So here's the scoop on Monday's vet visit.
First, just getting a two week-old peachick safely to the vet (this particular vet happens to be 45+ minutes away from the house) was challenging. These chicks are still brooding with a heat lamp, and are not ready to be running around in cool-ish room temperatures, and definitely not ready for a couple of hours (round trip + wait time + exam time) away from a heat source. Plus it's a peachick, so #5 can already fly a bit.
I rigged up a travel box out of a big plastic box with a lid, a heating pad, a thermometer and a thick, folded towel (to keep the heating pad from burning the chick). I ran the heating pad in the box for an hour or two, trying different settings to see what was warm enough but not too warm, before adding the chick. (You have to give the heating pad a little while to work and steady out before you can really tell what it is going to do!)
Despite all that prep, still had to watch the little guy kinda closely -- the car was hot when we got in, and I didn't want to freeze him out with too much air conditioning, because I couldn't plug the heating pad in and heat him back up in the car (forgot the fancy AC adapter thingy). But he started panting from getting too hot, so we popped up the lid and watched the thermometer to get him to a more comfortable range.
Here he is in his box (this was actually on the way home) -- he was pretty okay with it.
This vet was unclear on surgery for slipped tendon -- she had never heard of it, and wasn't looking to experiment. I think this may have been her first peafowl, and I don't think she has attempted to treat slipped tendons much, if ever. With that said, she obviously has splinted many bird legs in the past, so she was able to improvise something that worked.
I'm sorry that I wasn't able to videotape or take pictures as she was building up the splint with layers of tape, but I had to wait to take photos until I got #5 back home. I'll try to describe her technique after the photos.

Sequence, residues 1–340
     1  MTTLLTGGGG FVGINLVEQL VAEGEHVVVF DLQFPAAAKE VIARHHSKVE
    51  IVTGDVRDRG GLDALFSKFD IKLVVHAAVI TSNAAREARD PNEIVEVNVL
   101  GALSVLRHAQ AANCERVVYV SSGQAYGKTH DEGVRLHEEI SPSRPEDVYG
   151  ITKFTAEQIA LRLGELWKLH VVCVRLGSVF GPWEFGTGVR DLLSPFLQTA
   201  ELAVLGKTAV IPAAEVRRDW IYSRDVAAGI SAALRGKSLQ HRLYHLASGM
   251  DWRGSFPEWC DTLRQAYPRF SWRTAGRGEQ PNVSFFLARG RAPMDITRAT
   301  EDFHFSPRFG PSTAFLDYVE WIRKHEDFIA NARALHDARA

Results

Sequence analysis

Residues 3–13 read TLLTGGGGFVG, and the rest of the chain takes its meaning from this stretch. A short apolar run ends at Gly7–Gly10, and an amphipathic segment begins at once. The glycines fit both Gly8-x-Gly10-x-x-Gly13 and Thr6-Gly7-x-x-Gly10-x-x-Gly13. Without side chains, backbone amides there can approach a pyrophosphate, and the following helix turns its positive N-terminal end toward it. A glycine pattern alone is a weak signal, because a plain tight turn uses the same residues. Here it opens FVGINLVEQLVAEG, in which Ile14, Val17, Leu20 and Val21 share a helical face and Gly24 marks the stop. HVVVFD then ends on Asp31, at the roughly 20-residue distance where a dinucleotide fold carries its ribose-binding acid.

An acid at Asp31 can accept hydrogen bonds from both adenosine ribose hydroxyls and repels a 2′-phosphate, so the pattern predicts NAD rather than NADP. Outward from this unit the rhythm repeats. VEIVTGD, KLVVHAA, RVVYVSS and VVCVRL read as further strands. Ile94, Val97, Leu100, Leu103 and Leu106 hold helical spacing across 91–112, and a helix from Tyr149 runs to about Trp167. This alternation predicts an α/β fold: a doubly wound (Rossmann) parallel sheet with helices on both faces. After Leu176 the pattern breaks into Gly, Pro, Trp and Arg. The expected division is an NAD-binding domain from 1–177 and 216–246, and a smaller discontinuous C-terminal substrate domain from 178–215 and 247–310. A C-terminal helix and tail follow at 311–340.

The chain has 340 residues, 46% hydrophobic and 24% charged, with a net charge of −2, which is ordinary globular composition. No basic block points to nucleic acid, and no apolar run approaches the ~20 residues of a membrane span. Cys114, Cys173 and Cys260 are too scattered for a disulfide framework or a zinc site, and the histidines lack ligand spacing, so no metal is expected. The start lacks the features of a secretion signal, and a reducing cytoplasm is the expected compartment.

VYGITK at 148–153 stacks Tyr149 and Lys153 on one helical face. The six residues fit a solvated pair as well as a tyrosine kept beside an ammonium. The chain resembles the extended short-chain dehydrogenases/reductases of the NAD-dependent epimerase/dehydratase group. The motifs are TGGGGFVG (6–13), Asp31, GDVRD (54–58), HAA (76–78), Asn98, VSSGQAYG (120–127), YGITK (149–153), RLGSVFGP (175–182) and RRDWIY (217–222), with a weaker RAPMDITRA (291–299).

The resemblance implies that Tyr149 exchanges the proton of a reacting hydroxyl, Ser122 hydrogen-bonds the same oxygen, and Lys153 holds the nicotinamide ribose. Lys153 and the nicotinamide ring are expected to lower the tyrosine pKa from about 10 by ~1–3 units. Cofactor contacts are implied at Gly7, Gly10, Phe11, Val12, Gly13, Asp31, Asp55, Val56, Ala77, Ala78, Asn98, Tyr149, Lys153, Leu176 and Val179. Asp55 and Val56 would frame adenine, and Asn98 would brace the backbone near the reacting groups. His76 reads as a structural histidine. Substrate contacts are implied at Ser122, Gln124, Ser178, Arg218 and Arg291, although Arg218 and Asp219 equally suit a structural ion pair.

This first photo is taken from the side of the chick, looking at the leg from the outside:
Here is a closeup of the tape "splint" from approximately the same angle:
Here is the splint from the front showing the thin edge:
The first thing she did was to tape the tendon back into place. Her technique was better than mine and she used a softer tape than I had had on hand. Using a fairly narrow (not too skinny) piece of soft, flexible cloth tape, she applied the tape below the hock joint, and then around the joint itself, holding the tendon in the groove on the back of the hock. She did not attempt to tape up above the hock joint, and she did put tape directly ON the hock joint, both of which I had avoided doing. But her way worked better than what I had tried. I do think she was careful to avoid overtightening the tape and avoid cutting off circulation -- it's a little tricky to get it tight enough but not too tight, and some experience obviously helps. Also, having very good tape is a plus.
She then created a "splint" out of cloth tape. She started with a wider cloth tape -- perhaps 1" or 1 1/2" wide, woven cloth bandage tape. It was flexible, but perhaps not as flexible as the thin stuff. That's the wide stuff you see in the photos. She cut two pieces and placed them like the sides of an envelope on the outside and inside of the leg. Imagine that the knife edge of the envelope is facing forwards (aligned with the center toe). That allowed her to put a small flex in the joint and hold the tendon in place at the same time, but did not allow the joint to bend or flex. (But see update info farther down.) I am not certain if she added another piece or two in that layer -- I kinda think she may just have used one on each side, but she mentioned that sometimes she builds up layers.